Movies on CD & DVD 4 - Box

Movies on CD & DVD 4
Ages: All

Everybody has a video camcorder these days (well, it seems like nearly everybody does). You take your camcorder along on vacations, or to special events like parties, weddings, parades. You point it at really interesting stuff and hold the button down. When you get home, you may have several tapes filled up. But, do you ever look at them????

While looking at old videotapes often seemed tedious, videos on CDs or DVDs feel seem to be more managable. It is very easy to start, stop, freezeframe, run fast (or backup) and even skip ahead or back in big chunks. Getting your taped video onto a DVD might solve part of the problem of making it watchable.

Making a DVD is, unfortunately, much more complicated than making an audio CD. An audio CD has very little structure - it is much like an old record - sequential 'tracks' carrying the recorded material in order. A DVD has a great deal of structure, partly just because it could. The video you get out of your camcorder has to be specially 'coded' and combined with the audio before being put on the DVD. This process can be done in hardware using a DVD recorder which can write DVDs directly, or else you can do it in your computer, using software designed for this purpose - DVD Authoring software.

These Authoring packages all can do more than just convert camcorder video to the correct form and 'burn' it onto a disk. You would expect any package to at least have the following functions:

  1. Capture the video output from your camcorder and input it onto the computer's hard drive in a form suitable for later manipulation.
  2. Simple editing capabilities - removal of segments you don't want (you know, like the time the camera was actually on when you thought it was off and were walking back to your car) as well as trimming of segments. You should also be able to rearrange segments - not all stories are told in strict chronological order.
  3. Creation of titles for the video and possibly for subsections.
  4. The DVD format is designed to allow for a menu-type interface with little images and captions. Selecting one of these by using the arrow keys on the ubiquitous remote allows you to start viewing at any of the 'chapters' on the disk. You should be able to create these chapter divisions for your disk along with suitable captions according to your desires.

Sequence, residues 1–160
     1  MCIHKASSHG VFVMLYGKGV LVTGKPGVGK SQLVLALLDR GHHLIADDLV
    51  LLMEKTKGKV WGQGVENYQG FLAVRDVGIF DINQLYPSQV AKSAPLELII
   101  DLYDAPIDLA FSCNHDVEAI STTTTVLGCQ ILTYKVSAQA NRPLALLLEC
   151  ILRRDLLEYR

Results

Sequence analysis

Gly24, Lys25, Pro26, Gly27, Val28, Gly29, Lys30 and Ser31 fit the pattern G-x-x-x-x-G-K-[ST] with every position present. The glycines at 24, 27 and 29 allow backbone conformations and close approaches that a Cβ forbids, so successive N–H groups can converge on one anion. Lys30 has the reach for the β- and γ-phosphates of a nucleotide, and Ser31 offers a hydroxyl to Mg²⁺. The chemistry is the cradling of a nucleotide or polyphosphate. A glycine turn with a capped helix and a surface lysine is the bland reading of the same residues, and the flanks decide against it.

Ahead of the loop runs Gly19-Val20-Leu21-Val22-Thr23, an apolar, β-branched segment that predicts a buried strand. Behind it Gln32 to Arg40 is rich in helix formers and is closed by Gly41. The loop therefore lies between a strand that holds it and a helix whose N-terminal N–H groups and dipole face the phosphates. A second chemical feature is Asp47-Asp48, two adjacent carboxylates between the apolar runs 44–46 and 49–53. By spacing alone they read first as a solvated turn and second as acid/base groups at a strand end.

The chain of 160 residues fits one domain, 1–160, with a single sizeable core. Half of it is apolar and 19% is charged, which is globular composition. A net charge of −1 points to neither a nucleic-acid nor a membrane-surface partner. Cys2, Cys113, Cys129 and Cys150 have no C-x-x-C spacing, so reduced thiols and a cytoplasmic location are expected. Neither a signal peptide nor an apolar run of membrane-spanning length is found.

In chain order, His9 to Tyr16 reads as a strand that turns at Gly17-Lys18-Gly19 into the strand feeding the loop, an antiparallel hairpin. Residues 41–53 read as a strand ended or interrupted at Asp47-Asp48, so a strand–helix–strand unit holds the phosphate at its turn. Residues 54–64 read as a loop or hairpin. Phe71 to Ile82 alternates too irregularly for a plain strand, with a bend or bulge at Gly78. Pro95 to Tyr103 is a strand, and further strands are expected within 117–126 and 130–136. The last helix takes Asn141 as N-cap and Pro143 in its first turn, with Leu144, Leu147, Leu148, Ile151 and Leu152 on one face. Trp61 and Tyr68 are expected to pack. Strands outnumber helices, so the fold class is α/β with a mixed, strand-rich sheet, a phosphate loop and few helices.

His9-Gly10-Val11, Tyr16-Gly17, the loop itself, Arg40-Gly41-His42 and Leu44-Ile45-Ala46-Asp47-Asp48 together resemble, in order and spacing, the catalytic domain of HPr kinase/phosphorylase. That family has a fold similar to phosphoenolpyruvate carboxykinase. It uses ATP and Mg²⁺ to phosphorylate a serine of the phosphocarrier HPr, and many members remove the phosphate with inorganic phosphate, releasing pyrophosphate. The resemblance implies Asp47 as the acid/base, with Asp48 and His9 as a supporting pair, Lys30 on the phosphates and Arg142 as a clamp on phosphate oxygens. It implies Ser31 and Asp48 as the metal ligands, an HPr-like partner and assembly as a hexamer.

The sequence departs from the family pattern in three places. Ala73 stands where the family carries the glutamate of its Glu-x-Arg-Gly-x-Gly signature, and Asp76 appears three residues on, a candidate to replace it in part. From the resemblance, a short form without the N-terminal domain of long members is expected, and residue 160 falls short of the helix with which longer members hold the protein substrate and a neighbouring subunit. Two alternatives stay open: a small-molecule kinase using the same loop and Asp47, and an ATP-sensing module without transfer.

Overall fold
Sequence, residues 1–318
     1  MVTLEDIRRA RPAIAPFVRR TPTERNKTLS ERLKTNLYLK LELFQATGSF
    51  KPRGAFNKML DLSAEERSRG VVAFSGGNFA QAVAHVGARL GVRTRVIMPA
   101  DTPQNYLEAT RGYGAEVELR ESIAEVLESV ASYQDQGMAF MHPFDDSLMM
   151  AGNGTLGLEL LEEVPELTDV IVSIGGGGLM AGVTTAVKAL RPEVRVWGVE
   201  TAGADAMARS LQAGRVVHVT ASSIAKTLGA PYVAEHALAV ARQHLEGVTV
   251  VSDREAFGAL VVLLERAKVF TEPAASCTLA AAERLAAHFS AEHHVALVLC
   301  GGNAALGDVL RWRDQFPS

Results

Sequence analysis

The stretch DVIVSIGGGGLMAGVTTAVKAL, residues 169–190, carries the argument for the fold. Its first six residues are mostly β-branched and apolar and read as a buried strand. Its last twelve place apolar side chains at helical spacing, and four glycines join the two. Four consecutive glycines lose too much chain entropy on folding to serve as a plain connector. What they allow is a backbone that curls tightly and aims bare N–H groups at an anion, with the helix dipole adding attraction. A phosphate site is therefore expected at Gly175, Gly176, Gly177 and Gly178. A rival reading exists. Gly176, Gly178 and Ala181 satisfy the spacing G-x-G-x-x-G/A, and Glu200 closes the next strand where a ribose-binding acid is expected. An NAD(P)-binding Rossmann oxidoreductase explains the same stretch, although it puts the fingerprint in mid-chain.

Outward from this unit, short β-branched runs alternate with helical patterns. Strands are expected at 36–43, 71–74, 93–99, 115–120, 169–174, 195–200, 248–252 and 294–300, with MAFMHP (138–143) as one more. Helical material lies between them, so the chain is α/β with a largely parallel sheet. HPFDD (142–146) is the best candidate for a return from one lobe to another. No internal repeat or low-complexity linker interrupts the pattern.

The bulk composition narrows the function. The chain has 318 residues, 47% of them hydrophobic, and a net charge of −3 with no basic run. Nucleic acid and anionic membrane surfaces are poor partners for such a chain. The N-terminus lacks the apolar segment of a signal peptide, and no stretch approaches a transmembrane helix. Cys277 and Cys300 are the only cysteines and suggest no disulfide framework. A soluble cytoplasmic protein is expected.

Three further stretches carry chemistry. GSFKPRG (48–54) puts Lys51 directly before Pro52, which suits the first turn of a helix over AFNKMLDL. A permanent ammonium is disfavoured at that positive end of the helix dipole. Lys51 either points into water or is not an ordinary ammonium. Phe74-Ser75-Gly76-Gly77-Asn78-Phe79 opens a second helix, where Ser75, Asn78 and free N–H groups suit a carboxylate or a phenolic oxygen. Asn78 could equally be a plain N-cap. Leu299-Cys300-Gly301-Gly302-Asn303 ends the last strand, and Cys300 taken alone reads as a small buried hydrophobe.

5. There are extra frills, like adding background music, altering the brightness and contrast of the video, transition effects between scene, and even funky stuff like turning the image upside down or making it into a negative that you might want.
  6. Finally, you need to create the set of files needed for the DVD in the correct format, and "burn" them on a DVD (or CD) disk.

"Movies on CD & DVD 4" by MAGIX is a relatively basic program which was designed to do that. It does have other capabilities, which will be mentioned later.

To try this product out, I used tapes which had been made of a child's birthday celebration. The recordings were on two Mini DV (Digital Video) tapes (the end of tape 1 and the beginning of tape 2). The import function worked smoothly; getting the material into the computer was just a matter of starting the transfer and letting the tape run. Stopping the recording was another matter, though, as the control panel seemed to have gone completely inert when the tape hit its end. I did eventually find the button to click on to get the program out of record mode and into edit mode.

Addition of scrolling titles and setup of the final DVD indexing was reasonably straightforward - there are a collection of pre-arranged styles for titles and for formats of index pages, and for selecting an image out of a scene which is shown in the little frame on the index page was simple. Choosing and setting up transitions between scenes was also easy.

Cutting out sections I didn't want and inserting a few still photos turned out to be trickier, as the online tutorial videos played more like feature commercials than HOW-TOs. When it was all done, the DVD burn process was started. This can take quite some time, as the original footage has to be transformed into the correct format for the DVD, before the actual burning occurred.

For an inexpensive program, this product has lots of capabilities, but takes a while to get used to. I strongly recommend finding the the full manual (in PDF format) on the program CD and reading it over - it is a bit better than the tutorial videos. Since creating a DVD is always a time-consuming effort, I also advise starting out with a tiny task - maybe two or three short scenes - and a couple of re-writable DVD platters. Practice for a while on somthing that doesn't take too much time for the computer to process, and verify that the final DVD looks the way you want it to before actually investing the time (and platters) on the whole enchillada.

Among the advanced features of "Movies on CD & DVD 4" are the ability to improve the color balance, brightness and contrast of the scenes, edit the audio portion, add soundtracks and create special visual effects. You can also set up your computer to record directly to DVD from your camera, or from a TV tuner. There is a trial version which you can download from the MAGIX website. The CD version also comes with a Photo Manager and a Music Manager (not reviewed).

Reviewed by: Lou Katz - 12/05

  • Movies on CD & DVD 4
  • © MAGIX AG $34.99
  • W98SE Me XP 2000
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